Photos/Videos & Reflections
Avila Fulbright Scholar Reflections
Fulbright Scholars are on their way to Rwanda.
On the way to Rwanda, we find a Starbucks in Amsterdam and get invited to a wedding!
Made it safely to Kigali. As the morning mist clears, I'm ready to meet and learn from the people here who have already been so welcoming. Here's to the first day in Rwanda!
Lots of lights! Lots of shoes! Night one in our hotel!
Yesterday we visited Hotel Des Millie Collines (aka Hotel Rwanda). As I sat drinking coffee and taking in the beautiful senerary, the weight of the genocide began to become more noticeable. This is the first time on the trip that the country's history became real to me. In the states it is so easy to seperate and compartmentalized the pain of the world from my daily life, but now that is now longer an option. I must face the darkness in hopes of understanding the tremendous progress Rwanda has made. #fulbright #rwandastrong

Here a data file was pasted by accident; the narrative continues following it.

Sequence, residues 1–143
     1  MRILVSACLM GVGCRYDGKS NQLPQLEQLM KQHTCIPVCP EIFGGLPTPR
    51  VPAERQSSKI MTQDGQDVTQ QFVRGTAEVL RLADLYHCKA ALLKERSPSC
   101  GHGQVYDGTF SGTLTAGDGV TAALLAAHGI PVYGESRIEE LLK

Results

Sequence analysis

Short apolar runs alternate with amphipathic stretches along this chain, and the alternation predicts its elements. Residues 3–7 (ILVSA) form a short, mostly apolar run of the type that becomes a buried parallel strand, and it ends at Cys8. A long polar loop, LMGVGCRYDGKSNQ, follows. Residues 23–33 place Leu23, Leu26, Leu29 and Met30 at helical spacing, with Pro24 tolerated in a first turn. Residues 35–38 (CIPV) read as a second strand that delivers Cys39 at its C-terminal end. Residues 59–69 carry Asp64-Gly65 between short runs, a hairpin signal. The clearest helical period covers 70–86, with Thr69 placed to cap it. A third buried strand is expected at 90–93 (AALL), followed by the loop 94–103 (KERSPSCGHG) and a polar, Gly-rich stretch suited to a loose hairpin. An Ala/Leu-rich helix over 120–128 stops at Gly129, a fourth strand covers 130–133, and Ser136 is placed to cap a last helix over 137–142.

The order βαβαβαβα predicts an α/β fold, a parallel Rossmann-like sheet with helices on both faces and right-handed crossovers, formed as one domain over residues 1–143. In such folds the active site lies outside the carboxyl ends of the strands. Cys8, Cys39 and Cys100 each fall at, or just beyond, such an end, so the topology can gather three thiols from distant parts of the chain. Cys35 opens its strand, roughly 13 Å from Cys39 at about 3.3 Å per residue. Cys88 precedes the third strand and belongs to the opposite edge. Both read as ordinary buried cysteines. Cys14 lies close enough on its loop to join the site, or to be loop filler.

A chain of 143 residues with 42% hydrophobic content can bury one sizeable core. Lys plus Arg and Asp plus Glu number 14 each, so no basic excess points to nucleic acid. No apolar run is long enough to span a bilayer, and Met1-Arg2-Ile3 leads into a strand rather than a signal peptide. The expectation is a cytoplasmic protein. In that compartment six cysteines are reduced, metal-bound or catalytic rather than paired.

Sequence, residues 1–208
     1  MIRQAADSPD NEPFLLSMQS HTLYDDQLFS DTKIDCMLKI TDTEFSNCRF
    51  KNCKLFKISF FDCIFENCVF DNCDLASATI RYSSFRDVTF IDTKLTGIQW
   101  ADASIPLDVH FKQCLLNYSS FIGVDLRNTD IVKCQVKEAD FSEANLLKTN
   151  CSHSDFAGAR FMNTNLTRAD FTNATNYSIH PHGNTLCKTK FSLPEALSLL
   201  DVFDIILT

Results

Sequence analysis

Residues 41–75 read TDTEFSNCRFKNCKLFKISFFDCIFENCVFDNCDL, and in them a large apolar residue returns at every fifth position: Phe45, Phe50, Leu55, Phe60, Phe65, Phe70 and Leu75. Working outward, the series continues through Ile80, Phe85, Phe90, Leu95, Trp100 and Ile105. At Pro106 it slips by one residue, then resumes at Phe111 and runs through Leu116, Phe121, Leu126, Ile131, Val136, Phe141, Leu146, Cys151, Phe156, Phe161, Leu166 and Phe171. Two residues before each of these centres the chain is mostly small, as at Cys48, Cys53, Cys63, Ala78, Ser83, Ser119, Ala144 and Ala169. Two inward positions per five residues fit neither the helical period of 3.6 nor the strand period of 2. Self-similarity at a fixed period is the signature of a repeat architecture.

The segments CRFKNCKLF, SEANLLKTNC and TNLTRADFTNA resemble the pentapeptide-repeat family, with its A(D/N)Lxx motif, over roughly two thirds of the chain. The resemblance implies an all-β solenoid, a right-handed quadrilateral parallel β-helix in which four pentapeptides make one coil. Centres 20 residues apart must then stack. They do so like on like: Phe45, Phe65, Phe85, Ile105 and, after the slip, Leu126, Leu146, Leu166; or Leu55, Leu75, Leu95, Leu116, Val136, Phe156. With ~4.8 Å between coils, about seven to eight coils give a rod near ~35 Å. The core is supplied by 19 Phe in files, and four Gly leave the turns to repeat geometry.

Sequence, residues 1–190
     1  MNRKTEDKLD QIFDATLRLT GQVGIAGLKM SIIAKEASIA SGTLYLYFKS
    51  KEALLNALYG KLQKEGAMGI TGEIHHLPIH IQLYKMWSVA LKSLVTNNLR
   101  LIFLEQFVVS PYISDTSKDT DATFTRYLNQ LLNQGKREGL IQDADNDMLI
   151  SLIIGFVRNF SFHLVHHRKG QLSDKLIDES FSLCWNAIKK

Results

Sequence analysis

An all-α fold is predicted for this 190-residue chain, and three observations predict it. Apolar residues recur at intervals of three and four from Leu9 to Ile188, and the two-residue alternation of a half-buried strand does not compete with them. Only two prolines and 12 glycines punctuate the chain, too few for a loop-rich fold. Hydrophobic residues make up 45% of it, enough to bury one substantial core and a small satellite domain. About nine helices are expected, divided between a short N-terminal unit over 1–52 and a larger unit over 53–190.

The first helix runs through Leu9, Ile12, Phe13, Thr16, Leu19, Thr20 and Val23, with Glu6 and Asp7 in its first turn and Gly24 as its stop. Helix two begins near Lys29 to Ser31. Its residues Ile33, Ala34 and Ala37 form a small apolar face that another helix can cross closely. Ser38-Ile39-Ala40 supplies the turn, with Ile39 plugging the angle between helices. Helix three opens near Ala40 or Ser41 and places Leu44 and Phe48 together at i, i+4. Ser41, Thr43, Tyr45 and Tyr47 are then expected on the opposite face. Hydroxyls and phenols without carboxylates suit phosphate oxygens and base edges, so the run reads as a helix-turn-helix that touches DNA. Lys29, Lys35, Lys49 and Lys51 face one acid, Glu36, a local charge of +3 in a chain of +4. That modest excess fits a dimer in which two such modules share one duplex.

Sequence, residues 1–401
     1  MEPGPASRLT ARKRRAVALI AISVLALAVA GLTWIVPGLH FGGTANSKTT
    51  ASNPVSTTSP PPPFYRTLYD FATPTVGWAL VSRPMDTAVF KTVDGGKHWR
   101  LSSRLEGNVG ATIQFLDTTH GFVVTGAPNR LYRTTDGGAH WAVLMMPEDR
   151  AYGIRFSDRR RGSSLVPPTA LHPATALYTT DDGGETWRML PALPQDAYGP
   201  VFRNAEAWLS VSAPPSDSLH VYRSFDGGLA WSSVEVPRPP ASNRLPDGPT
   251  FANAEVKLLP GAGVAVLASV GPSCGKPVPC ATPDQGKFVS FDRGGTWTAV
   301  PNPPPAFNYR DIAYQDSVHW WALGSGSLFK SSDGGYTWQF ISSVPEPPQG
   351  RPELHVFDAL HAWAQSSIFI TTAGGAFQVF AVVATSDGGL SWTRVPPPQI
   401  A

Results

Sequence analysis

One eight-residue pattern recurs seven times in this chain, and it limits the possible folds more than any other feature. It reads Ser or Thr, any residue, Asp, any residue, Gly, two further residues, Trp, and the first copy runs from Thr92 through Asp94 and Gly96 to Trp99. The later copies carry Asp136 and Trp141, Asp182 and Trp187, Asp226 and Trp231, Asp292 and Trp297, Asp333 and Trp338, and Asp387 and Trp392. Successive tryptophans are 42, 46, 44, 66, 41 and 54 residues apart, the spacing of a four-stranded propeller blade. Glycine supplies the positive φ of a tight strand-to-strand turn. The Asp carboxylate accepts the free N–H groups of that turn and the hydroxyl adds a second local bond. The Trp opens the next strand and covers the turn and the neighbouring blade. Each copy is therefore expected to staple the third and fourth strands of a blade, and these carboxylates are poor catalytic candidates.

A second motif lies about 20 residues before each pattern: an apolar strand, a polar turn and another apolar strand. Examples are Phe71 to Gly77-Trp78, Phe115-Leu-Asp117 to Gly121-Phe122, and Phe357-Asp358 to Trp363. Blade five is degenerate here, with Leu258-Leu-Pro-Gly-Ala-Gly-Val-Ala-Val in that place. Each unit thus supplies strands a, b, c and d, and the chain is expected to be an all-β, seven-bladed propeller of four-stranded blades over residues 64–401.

Contemporary art on display at the des Mille Collines, hotel where Rwandans took refuge in '94.
A lovely setting to review and discuss documents.
Enjoying the view and doing some research.
The two undergrads are ready to take on day 1 in Rwanda with open hearts and open minds.
Busy, beautiful city of Kigali, Rwanda
The Breakfast Club in Nyamata at the Golden Tulip La Palisse Kigali.
I sat at a comfortable distance for months, reading, viewing, listening and learning about this country and culture, and more specifically their painful past of discrimination, corruption, and violence. Today that changed. Today I heard from people whom lost loved ones in the genocide. Today I saw churches with blasted holes in the brick walls from grenades where women, children and disabled lost their lives. Today I saw coffins with thousands of skulls and bones, many never having been identified. Today I saw the very clothes of the victims piled on pews. Today I saw the machetes used to kill innocent lives. Today I felt overwhelmed. I struggle to make sense of the horrific happenings of this beautiful place.. Today I am reminded that Satan indeed lives among us, but thankful that our God does, too.